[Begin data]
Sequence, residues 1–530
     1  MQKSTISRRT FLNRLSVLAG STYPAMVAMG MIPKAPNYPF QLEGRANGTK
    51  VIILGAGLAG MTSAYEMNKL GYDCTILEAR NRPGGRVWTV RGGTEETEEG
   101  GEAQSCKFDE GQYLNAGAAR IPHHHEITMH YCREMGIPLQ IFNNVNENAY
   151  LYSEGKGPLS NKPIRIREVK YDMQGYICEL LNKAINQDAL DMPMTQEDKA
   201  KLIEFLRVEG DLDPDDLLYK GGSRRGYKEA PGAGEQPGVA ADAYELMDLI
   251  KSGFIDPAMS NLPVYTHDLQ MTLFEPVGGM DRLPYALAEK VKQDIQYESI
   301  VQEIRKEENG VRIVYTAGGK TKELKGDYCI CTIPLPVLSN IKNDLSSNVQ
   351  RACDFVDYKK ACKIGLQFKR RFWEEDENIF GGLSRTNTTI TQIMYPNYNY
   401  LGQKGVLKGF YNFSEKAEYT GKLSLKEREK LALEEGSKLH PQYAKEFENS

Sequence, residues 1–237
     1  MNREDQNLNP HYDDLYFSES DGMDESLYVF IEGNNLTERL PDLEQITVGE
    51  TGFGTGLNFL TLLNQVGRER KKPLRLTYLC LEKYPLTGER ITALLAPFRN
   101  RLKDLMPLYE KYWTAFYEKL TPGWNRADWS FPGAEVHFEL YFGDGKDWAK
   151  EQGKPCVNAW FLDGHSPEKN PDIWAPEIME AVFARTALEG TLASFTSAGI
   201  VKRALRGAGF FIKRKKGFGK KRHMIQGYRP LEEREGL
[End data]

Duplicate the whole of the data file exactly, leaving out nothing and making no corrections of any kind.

Sequence, residues 1–530
     1  MQKSTISRRT FLNRLSVLAG STYPAMVAMG MIPKAPNYPF QLEGRANGTK
    51  VIILGAGLAG MTSAYEMNKL GYDCTILEAR NRPGGRVWTV RGGTEETEEG
   101  GEAQSCKFDE GQYLNAGAAR IPHHHEITMH YCREMGIPLQ IFNNVNENAY
   151  LYSEGKGPLS NKPIRIREVK YDMQGYICEL LNKAINQDAL DMPMTQEDKA
   201  KLIEFLRVEG DLDPDDLLYK GGSRRGYKEA PGAGEQPGVA ADAYELMDLI
   251  KSGFIDPAMS NLPVYTHDLQ MTLFEPVGGM DRLPYALAEK VKQDIQYESI
   301  VQEIRKEENG VRIVYTAGGK TKELKGDYCI CTIPLPVLSN IKNDLSSNVQ
   351  RACDFVDYKK ACKIGLQFKR RFWEEDENIF GGLSRTNTTI TQIMYPNYNY
   401  LGQKGVLKGF YNFSEKAEYT GKLSLKEREK LALEEGSKLH PQYAKEFENS

Sequence, residues 1–237
     1  MNREDQNLNP HYDDLYFSES DGMDESLYVF IEGNNLTERL PDLEQITVGE
    51  TGFGTGLNFL TLLNQVGRER KKPLRLTYLC LEKYPLTGER ITALLAPFRN
   101  RLKDLMPLYE KYWTAFYEKL TPGWNRADWS FPGAEVHFEL YFGDGKDWAK
   151  EQGKPCVNAW FLDGHSPEKN PDIWAPEIME AVFARTALEG TLASFTSAGI
   201  VKRALRGAGF FIKRKKGFGK KRHMIQGYRP LEEREGL